In 1999 Nelson summarized his idea for a computing paradigm with a series of pithy quotes, which begins:
“The purpose of computers is human freedom.”
“No one’s life has yet been simplified by a computer.”
Even back in the 1960s, Moore’s Law had been stated to him as a general principle — things will get faster and cheaper — and people foresaw a day when everyone had computers. In the video interview, Nelson says that was when he began thinking about documents of the future, envisioning “parallel connections” between documents — pages with a visual “bridge” between them. ”
The hypertext concept developed through various projects in the 1960s and 1970s. But the version that took off was Berners-Lee’s, which was the sixth or seventh hypertext system on the internet. Nelson describes it as “a clean job that had the clout of CERN behind it.”
But for Nelson, connected information has been a vision he’s been pursuing for literally his entire life. In 2016 Nelson also appeared in a film by Werner Herzog — a documentary titled Lo and Behold, Reveries of the Connected World — sharing an even earlier memory — one day in 1942, in a rowboat with his grandparents, when he was a young boy dragging his fingers through the water — and watching the water come together again on the other side. In that moment he realized a vast truth about the universe — that “The world is a system of ever-changing relationships and structures.”
“Expressing that interconnection has been the center of all my thinking, and all my computer work has been expressing and representing and showing interconnection — among writings, especially.”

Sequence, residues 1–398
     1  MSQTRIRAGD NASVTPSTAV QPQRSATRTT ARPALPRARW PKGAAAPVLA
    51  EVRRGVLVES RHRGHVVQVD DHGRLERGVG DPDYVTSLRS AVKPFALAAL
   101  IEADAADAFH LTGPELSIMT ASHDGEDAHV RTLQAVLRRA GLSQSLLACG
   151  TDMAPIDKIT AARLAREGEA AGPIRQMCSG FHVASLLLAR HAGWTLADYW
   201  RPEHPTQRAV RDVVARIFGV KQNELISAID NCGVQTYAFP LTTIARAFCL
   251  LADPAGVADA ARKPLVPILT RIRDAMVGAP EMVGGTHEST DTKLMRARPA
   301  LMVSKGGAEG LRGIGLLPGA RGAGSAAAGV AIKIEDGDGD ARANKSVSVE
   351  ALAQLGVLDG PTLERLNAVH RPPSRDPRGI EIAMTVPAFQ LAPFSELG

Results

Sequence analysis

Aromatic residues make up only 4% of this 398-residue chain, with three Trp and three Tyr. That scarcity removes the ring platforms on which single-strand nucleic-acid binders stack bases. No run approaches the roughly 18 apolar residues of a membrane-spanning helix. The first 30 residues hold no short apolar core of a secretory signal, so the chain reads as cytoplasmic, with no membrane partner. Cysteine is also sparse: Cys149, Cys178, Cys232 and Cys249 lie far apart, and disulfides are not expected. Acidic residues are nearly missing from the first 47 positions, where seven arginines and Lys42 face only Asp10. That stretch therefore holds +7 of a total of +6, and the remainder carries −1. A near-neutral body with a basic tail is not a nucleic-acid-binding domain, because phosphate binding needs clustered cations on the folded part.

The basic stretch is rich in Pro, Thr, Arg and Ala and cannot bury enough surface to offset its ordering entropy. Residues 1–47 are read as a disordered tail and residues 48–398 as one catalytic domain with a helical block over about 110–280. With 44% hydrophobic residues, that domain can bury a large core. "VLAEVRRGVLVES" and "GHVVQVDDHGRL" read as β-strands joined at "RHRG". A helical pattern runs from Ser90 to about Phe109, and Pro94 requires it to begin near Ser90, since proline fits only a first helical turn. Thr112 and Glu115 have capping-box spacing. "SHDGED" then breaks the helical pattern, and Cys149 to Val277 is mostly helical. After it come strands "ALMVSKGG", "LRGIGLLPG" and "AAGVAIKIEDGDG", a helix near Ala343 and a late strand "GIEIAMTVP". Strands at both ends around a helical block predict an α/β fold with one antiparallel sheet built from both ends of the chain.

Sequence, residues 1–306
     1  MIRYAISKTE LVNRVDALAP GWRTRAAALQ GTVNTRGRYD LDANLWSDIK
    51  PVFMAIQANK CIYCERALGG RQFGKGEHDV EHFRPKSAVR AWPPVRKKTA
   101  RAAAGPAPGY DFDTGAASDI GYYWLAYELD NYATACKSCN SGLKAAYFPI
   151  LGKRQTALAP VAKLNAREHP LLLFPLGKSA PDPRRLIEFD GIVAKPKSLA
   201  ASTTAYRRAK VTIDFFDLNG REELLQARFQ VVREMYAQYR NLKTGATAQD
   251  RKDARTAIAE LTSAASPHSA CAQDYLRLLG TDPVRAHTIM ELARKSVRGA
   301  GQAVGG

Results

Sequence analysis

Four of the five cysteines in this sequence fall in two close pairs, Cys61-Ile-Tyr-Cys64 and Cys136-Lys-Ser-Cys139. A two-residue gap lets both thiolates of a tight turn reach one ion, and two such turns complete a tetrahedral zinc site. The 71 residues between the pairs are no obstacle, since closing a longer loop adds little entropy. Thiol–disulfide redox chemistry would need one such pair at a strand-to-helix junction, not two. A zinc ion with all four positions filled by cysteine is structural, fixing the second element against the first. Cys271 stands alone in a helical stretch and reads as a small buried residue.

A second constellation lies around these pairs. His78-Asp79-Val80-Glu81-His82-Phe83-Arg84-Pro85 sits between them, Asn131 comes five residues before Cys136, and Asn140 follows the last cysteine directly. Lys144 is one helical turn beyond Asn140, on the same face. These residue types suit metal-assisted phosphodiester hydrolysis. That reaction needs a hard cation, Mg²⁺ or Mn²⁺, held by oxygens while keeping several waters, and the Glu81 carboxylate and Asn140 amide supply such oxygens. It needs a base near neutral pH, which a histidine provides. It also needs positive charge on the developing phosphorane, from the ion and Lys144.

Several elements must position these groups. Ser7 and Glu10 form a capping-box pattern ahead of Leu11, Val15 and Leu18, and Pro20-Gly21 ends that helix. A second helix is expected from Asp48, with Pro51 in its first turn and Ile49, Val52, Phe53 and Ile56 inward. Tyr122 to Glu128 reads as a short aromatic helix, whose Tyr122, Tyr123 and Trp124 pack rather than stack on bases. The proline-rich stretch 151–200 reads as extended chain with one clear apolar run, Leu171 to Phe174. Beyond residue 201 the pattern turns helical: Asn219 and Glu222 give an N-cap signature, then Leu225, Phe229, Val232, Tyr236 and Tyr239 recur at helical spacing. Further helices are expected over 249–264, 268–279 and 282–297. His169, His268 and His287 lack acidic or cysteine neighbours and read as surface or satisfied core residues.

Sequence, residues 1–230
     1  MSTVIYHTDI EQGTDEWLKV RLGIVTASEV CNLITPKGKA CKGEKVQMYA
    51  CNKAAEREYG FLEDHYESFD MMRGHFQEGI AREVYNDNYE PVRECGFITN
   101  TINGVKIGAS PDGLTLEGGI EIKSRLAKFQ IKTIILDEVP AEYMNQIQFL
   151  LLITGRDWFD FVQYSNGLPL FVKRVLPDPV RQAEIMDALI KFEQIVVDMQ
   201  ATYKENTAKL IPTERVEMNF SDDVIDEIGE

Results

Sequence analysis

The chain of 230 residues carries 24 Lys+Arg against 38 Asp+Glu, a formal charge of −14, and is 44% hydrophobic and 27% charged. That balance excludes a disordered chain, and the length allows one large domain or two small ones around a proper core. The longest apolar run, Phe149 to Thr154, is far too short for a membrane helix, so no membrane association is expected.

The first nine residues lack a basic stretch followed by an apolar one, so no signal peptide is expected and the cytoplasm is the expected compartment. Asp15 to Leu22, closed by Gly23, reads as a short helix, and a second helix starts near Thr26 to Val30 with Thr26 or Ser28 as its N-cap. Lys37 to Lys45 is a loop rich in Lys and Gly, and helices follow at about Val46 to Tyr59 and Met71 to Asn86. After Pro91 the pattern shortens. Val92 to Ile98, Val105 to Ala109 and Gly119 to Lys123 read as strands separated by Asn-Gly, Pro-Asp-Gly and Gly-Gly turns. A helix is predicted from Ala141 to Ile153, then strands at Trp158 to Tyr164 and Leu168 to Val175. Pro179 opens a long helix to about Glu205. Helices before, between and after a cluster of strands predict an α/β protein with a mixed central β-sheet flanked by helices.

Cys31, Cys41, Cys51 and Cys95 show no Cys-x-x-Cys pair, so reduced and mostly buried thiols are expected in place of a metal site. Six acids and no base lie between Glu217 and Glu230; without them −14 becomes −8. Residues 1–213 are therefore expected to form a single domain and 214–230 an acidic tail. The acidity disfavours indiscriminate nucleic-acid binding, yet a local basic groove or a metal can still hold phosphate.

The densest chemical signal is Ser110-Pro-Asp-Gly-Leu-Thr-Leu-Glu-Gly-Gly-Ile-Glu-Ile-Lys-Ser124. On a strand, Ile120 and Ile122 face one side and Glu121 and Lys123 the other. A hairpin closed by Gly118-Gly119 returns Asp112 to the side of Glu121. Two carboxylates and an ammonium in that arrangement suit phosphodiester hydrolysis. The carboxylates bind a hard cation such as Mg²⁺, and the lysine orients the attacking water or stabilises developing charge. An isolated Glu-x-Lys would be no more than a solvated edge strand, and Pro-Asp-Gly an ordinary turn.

In the film, Nelson demonstrates a larger possibility for browsing documents — in which related documents are also fully visible, and their relationship to the primary document easily visualized.
Last year, Nelson also made another mark on internet history. He turned over several decades worth of junk mail to the Internet Archive — 18 boxes of it. “It’s a bit of painful irony,” joked Motherboard, “but our best chance at saving much of our computing history involves a few thoughtful souls who thought better of throwing away their physical junk mail back in the day.”
But his larger quest remains the pursuit of his original vision. “I knew ten times more fifty years ago, when I started in computers than most people think I know now,” Nelson writes in the preface to his recent book, Possiplex. “I considered myself a philosopher and a film-maker, and what I knew about was media and presentation and design, the nature of writing and literature, the processes of technical analysis and idea manipulation, and the human heart. I also knew about projects, and why one dares follow the inner urgings of a project, going where its nature wants to go. ”
“I saw in 1960 how all these matters would have to transpose to the interactive computer screen. And I have been dealing with the consequences, including both the politics and the technicalities, straight on through since then.”
Feature image from Spectrum’s “What Modern Programmers Can Learn From the Past.”